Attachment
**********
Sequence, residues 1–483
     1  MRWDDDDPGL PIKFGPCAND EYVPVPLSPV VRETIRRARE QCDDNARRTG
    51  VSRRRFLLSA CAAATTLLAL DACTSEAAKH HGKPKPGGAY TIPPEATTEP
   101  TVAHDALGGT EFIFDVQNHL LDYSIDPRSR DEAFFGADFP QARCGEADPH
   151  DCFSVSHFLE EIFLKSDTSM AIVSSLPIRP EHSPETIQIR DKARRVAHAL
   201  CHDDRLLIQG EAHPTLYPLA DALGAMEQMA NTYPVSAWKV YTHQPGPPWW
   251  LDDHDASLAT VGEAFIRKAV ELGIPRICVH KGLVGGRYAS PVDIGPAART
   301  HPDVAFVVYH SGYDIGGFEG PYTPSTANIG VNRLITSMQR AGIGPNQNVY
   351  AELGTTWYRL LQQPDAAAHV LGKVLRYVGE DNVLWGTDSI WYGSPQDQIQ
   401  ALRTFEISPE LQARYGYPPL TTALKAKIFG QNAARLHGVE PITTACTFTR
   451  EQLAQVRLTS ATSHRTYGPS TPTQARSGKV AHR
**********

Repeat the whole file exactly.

Sequence, residues 1–483
     1  MRWDDDDPGL PIKFGPCAND EYVPVPLSPV VRETIRRARE QCDDNARRTG
    51  VSRRRFLLSA CAAATTLLAL DACTSEAAKH HGKPKPGGAY TIPPEATTEP
   101  TVAHDALGGT EFIFDVQNHL LDYSIDPRSR DEAFFGADFP QARCGEADPH
   151  DCFSVSHFLE EIFLKSDTSM AIVSSLPIRP EHSPETIQIR DKARRVAHAL
   201  CHDDRLLIQG EAHPTLYPLA DALGAMEQMA NTYPVSAWKV YTHQPGPPWW
   251  LDDHDASLAT VGEAFIRKAV ELGIPRICVH KGLVGGRYAS PVDIGPAART
   301  HPDVAFVVYH SGYDIGGFEG PYTPSTANIG VNRLITSMQR AGIGPNQNVY
   351  AELGTTWYRL LQQPDAAAHV LGKVLRYVGE DNVLWGTDSI WYGSPQDQIQ
   401  ALRTFEISPE LQARYGYPPL TTALKAKIFG QNAARLHGVE PITTACTFTR
   451  EQLAQVRLTS ATSHRTYGPS TPTQARSGKV AHR